The MX500 1TB model has a calculated arithmetic mean (average) time between failure of 360TB. This equals 197GB of writes per day for 5 years, yet another significant increase in endurance rating vs the previous generation MX300 1TB model.



Highlight summary:

  • Dynamic Write Acceleration
  • NAND-integrated Power Loss Immunity
  • Adaptive Thermal Monitoring
  • TCG/Opal 2.0-compliant self-encrypting drive (SED)
  • Hardware-based AES-256 encryption engine
  • Static and dynamic wear leveling
  • 5 year limited warranty
  • Free shipping (Like all Crucial products)


  • Type: M.2/NGFF (2280) Single Sided
  • Height: 3.5mm
  • Flash Controller: Silicon Motion SM2258
  • Flash Type: Micron 2nd Generation 64-layer 3D TLC NAND
  • Serial ATA: Transfer rate 6Gb/s (backwards compatible with 3Gb/s)
  • Temperature: Operating (0°C to 70°C) Non-operating (-40°C to 85°C)
  • Acoustics: 0dB
  • Mean Time To Failure: 1.8 million hours
  • Drive Endurance: 360TB Total Bytes Written (TBW), equal to 197GB per day for 5 years



Performance testing was done under Ubuntu 18.04 LTS (Bionic Beaver) using an ext4 file system. Factors affecting performance include: Capacity of the drive, interface of the host and overall system performance. Your results may vary.

Test System

  • Processor: AMD Ryzen 7 1700X Eight-Core @ 3.40GHz (8 Cores / 16 Threads)
  • Motherboard: ASUS PRIME X370-PRO
  • Memory: 64512MB (64GB DDR4)
  • OS: Ubuntu 18.04
  • Kernel: 4.15.0-20-generic (x86_64)
  • File-System: ext4
  • Interface: SATA 6Gb/s

Our SSD benchmarking is performed in two stages. First we benchmark the drive while in a Fresh-Out-of-Box (FOB) state. This typically is how manufactures specify I/O performance because the drive has yet to endure any sustained workload and initial performance benchmarks from a FOB state will result in uncharacteristically high measurements.

To provide more accurate measurements we also precondition the drive to a Steady state before running our benchmark a second time. Steady state is achieved by issuing a Sanitize/Secure Erase on the SSD and then writing with sequential transfers twice that of it's capacity. Though this process takes several hours, the test results are more consistent.

Fresh-Out-of-Box (FOB) state performance results

Steady state performance results

The green points and connecting lines indicate the samples taken; these correspond to the right axis, showing access time, plotted against the bottom axis, representing percentage time elapsed during the benchmark. The blue line represents read rates, while the red line represents write rates; these are shown as access data rates on the left axis, plotted against percentage of the benchmark duration.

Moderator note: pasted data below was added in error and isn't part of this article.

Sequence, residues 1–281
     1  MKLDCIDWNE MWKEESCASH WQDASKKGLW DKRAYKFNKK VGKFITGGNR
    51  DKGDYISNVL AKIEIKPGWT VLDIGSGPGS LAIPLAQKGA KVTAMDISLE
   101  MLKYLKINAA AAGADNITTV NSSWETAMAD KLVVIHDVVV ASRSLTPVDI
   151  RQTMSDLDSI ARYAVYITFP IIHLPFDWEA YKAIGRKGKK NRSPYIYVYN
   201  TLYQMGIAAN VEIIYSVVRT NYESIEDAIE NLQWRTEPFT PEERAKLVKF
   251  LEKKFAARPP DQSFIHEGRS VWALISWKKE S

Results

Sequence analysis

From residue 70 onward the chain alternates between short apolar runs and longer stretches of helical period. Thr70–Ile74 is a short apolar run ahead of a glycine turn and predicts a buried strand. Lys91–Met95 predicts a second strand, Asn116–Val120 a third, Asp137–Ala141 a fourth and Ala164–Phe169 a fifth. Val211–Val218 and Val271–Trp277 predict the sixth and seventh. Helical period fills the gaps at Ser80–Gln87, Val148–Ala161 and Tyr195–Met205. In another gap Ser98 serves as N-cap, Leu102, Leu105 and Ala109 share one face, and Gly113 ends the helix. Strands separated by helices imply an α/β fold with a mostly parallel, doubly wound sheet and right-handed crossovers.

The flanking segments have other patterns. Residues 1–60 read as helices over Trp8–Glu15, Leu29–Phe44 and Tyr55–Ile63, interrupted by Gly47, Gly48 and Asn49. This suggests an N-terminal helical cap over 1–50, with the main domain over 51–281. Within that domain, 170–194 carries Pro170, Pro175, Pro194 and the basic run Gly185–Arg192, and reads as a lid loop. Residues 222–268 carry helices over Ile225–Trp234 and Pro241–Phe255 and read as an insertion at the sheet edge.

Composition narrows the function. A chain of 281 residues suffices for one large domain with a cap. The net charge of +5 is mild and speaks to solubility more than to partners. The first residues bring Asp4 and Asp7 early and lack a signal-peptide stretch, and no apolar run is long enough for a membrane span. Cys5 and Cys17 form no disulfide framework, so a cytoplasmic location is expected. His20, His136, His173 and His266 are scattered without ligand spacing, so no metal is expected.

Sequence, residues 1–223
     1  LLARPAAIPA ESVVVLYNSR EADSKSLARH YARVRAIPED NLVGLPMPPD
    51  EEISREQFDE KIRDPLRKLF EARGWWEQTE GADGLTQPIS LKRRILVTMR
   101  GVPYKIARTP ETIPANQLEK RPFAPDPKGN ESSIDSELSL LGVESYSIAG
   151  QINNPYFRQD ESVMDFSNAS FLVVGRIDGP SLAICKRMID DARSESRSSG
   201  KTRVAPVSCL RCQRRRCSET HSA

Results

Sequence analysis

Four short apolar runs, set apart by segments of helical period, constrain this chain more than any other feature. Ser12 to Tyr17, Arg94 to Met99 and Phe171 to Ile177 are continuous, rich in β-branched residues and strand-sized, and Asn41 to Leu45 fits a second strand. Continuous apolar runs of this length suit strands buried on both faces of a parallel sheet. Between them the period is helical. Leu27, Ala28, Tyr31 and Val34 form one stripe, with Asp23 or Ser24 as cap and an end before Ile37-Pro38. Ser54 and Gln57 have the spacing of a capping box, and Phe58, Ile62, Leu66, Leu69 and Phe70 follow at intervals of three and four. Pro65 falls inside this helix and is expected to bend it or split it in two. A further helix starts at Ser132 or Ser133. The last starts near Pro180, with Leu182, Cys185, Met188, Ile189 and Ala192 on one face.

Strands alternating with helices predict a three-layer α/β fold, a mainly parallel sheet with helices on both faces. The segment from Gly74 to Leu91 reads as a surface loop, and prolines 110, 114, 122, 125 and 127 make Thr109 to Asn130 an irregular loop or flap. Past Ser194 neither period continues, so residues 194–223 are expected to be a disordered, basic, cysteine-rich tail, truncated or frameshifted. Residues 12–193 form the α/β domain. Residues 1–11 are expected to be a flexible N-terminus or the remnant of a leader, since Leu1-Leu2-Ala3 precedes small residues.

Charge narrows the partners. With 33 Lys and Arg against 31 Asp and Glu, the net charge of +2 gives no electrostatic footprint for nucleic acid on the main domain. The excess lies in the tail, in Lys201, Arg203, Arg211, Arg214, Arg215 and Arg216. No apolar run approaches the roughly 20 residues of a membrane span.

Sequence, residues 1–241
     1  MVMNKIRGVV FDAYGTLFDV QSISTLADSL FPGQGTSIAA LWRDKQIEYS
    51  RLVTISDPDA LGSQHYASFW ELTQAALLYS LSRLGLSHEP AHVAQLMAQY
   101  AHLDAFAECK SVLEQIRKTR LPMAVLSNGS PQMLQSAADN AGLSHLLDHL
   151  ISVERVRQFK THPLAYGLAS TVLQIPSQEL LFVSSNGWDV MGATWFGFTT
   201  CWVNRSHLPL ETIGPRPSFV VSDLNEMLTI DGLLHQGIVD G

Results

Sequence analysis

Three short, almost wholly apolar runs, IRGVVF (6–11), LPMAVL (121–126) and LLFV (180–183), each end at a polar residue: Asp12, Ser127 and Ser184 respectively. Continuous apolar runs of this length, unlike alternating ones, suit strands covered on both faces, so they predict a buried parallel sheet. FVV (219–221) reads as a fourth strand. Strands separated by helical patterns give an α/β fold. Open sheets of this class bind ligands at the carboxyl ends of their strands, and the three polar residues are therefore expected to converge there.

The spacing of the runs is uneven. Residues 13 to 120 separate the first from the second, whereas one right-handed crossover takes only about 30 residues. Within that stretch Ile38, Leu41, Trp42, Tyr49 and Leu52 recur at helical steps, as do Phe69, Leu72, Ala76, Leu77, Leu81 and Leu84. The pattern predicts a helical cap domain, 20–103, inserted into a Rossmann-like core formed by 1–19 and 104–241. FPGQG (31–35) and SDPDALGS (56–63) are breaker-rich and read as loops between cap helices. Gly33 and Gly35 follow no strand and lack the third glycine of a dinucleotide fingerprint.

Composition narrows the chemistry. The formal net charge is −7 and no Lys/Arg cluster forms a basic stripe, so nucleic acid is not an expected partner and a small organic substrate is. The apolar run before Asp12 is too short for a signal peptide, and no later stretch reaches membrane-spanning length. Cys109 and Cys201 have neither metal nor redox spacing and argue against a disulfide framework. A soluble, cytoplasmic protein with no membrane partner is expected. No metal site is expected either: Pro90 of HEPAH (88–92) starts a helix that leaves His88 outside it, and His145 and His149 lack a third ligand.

Below the graph, values are displayed for minimum, maximum and average read and write rates, also average access time.

Timings of device reads

This measurement is an indication of how fast the drive can sustain sequential data reads under Linux, without any filesystem overhead. Timing buffered disk reads: 1602 MB in 3.00 seconds = 533.58 MB/sec


Crucial MX500 1TB M.2 Type 2280 SSD Review
Crucial MX500 1TB M.2 Type 2280 SSD Review
Crucial MX500 1TB M.2 Type 2280 SSD Review
Crucial MX500 1TB M.2 Type 2280 SSD Review
Crucial MX500 1TB M.2 Type 2280 SSD Review
Crucial MX500 1TB M.2 Type 2280 SSD Review
Crucial MX500 1TB M.2 Type 2280 SSD Review
Crucial MX500 1TB M.2 Type 2280 SSD Review
Crucial MX500 1TB M.2 Type 2280 SSD Review


The Good - Pros
  • M.2 has a slight performance increase over the 2.5-inch model
  • Utilizes Micron 2nd Generation 64-layer 3D TLC NAND
  • Endurance rating has increased over previous generation
  • NAND-integrated power loss immunity
  • 5 five-year limited warranty
  • M.2 Type 2280 form-factor uses less space
  • Pricing has come down since initial release

The Bad - Cons
  • N/A

The Ugly - Issues
  • N/A

The Verdict - Opinion

The dissimilarity between the M.2 Type 2280 SSD and the 2.5-inch (7mm) SSD really isn't that different, aside from form-factor and interface.

There is no poor choice here, the performance numbers are identical across form-factors in the MX500 Series. Pricing has also come down slightly since launch, making the MX500 an even more appealing purchase.

Linux Compatibility:
Cost & Value: